“Because the law requires that judges no matter how corrupt, who do not act in the clear absence of jurisdiction while performing a judicial act, are immune from suit, former Judge Ciavarella will escape liability for the vast majority of his conduct in this action. This is, to be sure, against the popular will, but it is the very oath which he is alleged to have so indecently, cavalierly, baselessly and willfully violated for personal gain that requires this Court to find him immune from suit”, District Judge A. Richard Caputo in H.T., et al, v. Ciavarella, Jr, et al, Case No. 3:09-cv-00286-ARC in the U.S. District Court for the Middle District of Pennsylvania, Document 336, page 18, November 20, 2009. This is about judges who were sentencing kids to juvenile detention for kickbacks.
Friday, August 7, 2015
Do we trust in God in a New York State Court?
Apart from other interesting details which I will discuss in a separate blog post, what jumps into view immediately is the huge inscription on the wall of the State Court of the State of New York: "In God We Trust".
That statement indicates that the judiciary in the State of New York operates by religious laws and not by the secular laws of the United States and the State of New York, nor by the state and federal Constitutions which all judges are sworn to protect and uphold, as a pre-requisite of taking that bench and donning those black robes.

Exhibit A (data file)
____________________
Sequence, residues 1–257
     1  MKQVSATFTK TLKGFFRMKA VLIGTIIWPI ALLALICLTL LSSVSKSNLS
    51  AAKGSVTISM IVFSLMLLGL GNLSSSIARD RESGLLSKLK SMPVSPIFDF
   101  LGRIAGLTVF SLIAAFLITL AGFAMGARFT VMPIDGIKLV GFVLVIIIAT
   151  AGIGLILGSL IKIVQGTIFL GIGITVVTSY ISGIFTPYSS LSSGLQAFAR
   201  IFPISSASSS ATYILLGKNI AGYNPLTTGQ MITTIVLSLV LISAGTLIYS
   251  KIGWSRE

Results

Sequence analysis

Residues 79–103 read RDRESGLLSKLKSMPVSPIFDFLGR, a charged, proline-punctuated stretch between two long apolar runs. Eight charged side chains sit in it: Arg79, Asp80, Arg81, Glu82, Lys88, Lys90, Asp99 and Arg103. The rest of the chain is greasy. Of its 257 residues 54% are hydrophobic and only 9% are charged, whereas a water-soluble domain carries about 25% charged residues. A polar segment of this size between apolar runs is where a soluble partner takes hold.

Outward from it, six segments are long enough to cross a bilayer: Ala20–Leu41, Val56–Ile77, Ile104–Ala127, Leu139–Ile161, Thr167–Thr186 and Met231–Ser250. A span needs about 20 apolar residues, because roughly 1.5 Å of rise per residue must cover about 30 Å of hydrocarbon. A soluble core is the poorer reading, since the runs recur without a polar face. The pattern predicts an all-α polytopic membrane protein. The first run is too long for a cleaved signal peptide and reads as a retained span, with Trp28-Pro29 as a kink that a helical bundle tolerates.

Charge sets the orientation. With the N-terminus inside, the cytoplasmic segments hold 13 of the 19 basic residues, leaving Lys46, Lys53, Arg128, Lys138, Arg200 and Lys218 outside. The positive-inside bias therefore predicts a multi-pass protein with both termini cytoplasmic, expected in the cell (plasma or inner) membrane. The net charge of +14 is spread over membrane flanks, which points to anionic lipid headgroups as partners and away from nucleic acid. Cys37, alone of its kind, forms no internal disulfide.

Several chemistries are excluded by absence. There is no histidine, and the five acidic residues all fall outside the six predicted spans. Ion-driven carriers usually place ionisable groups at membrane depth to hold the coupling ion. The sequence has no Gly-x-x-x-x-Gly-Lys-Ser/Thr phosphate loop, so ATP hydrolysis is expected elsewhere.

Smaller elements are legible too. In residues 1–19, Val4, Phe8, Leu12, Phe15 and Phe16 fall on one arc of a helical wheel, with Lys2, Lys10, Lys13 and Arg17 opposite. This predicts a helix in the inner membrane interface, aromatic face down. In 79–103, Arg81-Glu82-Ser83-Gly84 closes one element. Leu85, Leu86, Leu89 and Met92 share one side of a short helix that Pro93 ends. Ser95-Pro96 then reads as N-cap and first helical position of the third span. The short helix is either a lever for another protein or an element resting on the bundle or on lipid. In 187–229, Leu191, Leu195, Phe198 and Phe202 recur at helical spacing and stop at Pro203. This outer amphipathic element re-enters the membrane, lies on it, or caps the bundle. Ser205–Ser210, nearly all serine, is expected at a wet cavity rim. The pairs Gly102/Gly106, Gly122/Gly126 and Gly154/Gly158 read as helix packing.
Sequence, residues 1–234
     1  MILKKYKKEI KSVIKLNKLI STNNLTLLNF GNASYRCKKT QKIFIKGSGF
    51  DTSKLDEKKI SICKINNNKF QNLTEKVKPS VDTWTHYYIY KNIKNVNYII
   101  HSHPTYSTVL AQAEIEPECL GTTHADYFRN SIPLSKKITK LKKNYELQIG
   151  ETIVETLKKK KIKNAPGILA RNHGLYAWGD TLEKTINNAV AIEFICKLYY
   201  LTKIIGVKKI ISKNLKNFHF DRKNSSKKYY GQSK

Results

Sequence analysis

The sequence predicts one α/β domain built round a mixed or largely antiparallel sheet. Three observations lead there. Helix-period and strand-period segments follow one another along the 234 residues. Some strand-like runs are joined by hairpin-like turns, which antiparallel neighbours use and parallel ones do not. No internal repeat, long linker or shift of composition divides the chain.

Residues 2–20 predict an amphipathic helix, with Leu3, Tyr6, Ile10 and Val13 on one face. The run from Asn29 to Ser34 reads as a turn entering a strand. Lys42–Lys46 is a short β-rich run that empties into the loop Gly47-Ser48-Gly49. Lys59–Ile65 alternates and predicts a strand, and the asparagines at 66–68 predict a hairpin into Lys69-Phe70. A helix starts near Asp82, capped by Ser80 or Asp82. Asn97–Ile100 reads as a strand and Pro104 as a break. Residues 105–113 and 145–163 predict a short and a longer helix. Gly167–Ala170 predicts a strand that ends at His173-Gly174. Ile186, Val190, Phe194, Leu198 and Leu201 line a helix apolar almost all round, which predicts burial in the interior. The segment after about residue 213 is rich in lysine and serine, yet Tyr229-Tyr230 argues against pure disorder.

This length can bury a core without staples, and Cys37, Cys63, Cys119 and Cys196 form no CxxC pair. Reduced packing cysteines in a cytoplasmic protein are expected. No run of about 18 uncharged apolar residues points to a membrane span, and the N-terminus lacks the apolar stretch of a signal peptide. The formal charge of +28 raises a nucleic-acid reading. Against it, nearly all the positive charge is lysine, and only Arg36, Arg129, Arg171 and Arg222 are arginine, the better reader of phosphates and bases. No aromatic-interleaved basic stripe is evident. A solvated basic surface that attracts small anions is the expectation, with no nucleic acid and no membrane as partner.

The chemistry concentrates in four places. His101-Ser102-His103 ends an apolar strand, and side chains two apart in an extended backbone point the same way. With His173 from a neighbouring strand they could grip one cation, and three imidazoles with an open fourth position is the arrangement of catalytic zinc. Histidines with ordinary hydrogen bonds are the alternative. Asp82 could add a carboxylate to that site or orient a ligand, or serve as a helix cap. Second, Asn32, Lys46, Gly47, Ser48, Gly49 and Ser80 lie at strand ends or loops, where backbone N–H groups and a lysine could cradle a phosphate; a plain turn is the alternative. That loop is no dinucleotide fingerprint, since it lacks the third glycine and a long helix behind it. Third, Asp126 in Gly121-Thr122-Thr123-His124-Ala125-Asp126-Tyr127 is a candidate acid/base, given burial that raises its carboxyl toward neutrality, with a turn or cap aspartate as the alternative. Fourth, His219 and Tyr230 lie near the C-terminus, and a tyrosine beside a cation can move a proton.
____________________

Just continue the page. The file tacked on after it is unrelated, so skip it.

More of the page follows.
I guess, it does not matter to the New York State Judiciary that promoting a religion in state court is a violation of the 1st Amendment of the litigants and their attorneys.
What if "we" do not trust in a God, in the particular God, or if we trust in Gods, or if "we" are pagans, or witches (wiccans - there is such a religion) - or, God forbid (no pun intended) if "we" are agnostics or atheists?
Then, we do not have a right to be heard in court?
I know, for example, that a prosecutor from Delaware County District Attorney's office, John Hubbard, was spreading rumors about me that I am nuts and should not be hired as an attorney because I advocated for two clients who objected to being summoned, under the power of the People of the State of New York (and the threat of criminal contempt of court) to have a court deposition in a church building.
So, remember - when you are going to a State Court in the State of New York, you'd better trust in God - or else.
And, since the picture includes the radiant Judge Elizabeth Garry of the NYS Appellate Division 3rd Department, the rule "In God We Trust" in state courts of the State of New York also applies to appeals.
So, for those of us who do not trust in God - God help us?
I have a better suggestion - just advocate for removal of the "In God We Trust" signs in State Courts of any state. Presenting those statements at all, and especially above the bench, above the U.S. flag and above the State seal is unconstitutional, unlawful and sends the message to the litigants and attorneys (albeit likely a correct message) that the judiciary in the United States is not governed by the law and is not enforcing the rule of law in the courtrooms, but whatever interpretation of God's (and the judge's own) will that the particular judge wants to impose on the people.